Using Wearable Sensors to Evaluate Material Handling Operator’s Fatigue in Repetitive Activities: A Design of Experiments Approach




Sudarsan, Madhusudan

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Manual Material Handling is one the major causes which contributes to a large percentage of musculoskeletal disorders. In a manufacturing environment, associates lift loads repeatedly which leads to physical fatigue. Human fatigue not only leads to critical injuries, but also lowers productivity in a work environment which has an impact on the entire supply chain process. Hence, physical fatigue is a challenging safety issue in a manufacturing environment. In this research, a Lifting fundamental skill move mimicking a manufacturing environment is physically simulated with the use of Hexoskin sensors and a motion capture framework. The motion capture framework consists of multiple high version cameras, a workstation to perform the experiment, Hexoskin sensors, and a processor that collects a catalog of Bio-MoCap data on a time-series. The main goals of the study are to 1) determine the correlation of the physiological variables with the subjects RPE level of the Lifting skill move on the Borg’s scale, and 2) predict the level with respect to the task. In this study, we use statistical analysis and regression techniques to determine the relationship of the bio-factors with fatigue. A separate regression model is built to predict fatigue with respect to heart rate and time function. Results show the statistical significance of the bio-factors in the process of getting fatigued. A multiobjective optimization method is used for posture prediction and analysis with consideration of fatigue effect and its application case. This research has potential to contribute in the field of manual material handling and can help in efficiently planning workforce with the available resource.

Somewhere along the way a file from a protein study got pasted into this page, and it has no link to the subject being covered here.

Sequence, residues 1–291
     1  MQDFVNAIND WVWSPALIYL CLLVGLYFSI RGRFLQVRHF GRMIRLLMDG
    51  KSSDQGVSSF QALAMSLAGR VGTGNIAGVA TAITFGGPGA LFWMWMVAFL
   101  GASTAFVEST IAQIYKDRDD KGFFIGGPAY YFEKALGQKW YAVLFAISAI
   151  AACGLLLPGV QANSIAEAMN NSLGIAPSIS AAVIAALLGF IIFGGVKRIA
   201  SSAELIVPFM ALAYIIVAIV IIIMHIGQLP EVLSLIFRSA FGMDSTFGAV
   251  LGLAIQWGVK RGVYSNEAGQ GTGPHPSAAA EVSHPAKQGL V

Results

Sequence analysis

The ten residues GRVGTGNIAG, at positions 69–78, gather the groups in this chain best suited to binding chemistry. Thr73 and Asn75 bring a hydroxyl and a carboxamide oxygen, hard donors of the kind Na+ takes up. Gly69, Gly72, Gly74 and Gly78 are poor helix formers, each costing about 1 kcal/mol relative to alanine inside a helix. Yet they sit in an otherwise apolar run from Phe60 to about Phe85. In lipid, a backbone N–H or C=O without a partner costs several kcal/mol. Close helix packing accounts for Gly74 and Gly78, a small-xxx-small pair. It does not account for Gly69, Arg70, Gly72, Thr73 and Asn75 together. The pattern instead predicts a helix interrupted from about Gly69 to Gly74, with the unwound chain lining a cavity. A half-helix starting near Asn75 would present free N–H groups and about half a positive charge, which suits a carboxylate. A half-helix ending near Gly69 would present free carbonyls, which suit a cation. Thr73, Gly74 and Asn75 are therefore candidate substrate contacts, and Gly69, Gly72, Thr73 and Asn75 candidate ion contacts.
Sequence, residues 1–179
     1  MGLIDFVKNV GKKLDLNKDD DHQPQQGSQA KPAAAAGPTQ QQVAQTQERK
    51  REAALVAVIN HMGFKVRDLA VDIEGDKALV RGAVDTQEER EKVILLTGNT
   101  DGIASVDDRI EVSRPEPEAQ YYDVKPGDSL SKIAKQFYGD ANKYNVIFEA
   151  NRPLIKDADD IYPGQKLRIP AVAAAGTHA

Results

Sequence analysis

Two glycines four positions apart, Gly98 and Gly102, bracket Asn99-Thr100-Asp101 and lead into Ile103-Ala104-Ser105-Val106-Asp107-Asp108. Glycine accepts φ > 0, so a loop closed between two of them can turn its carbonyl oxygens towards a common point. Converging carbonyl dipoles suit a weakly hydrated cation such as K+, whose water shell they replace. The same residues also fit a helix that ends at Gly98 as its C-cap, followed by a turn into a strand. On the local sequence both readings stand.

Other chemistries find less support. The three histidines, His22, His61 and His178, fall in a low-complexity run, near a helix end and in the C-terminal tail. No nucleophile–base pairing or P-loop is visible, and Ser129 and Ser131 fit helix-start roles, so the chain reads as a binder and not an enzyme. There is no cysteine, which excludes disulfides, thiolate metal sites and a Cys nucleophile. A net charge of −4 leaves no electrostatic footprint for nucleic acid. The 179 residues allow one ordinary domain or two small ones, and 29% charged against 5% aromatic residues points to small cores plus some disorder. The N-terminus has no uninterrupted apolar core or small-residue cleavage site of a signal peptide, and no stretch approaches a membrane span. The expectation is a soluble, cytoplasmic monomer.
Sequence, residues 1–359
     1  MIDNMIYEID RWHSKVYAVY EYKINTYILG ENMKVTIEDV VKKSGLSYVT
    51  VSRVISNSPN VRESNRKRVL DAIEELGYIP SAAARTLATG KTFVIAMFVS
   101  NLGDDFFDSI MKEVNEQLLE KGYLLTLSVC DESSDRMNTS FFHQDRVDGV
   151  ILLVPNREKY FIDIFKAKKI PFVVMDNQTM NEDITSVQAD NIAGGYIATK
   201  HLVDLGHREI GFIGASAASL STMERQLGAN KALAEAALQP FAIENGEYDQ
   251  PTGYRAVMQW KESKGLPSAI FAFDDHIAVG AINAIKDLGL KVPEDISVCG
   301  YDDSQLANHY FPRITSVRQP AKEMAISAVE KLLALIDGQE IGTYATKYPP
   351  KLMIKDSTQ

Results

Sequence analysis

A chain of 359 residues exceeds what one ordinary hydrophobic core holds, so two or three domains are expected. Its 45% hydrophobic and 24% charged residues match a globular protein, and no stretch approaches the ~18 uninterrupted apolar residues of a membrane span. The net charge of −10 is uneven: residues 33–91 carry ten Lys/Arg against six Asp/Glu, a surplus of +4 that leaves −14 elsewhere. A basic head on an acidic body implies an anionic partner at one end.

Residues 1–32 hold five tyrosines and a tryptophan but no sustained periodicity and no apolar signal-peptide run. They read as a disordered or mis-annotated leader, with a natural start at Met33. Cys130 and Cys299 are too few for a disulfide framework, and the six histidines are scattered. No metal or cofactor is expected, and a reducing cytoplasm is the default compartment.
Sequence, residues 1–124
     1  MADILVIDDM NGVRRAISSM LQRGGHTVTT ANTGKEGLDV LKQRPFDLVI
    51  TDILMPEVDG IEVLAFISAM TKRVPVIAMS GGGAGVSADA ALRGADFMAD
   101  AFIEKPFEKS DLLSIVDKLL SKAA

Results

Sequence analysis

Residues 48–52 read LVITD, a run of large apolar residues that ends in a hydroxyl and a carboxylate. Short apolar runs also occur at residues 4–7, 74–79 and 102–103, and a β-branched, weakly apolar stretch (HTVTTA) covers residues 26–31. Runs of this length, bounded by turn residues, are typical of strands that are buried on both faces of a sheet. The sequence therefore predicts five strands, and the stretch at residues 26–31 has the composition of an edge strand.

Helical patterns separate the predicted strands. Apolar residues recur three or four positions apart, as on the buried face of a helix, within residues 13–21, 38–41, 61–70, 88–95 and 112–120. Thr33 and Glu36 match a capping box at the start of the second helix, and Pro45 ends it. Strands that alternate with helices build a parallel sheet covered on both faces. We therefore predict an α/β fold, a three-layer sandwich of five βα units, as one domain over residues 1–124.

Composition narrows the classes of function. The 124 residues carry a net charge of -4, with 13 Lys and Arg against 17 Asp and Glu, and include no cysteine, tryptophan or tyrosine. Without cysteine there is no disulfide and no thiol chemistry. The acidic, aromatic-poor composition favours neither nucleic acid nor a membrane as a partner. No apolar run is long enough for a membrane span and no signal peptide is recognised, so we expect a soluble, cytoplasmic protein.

Manual material handling, Fatigue


Sudarsan, M. (2020). <i>Using wearable sensors to evaluate material handling operator’s fatigue in repetitive activities: A design of experiments approach</i> (Unpublished thesis). Texas State University, San Marcos, Texas.


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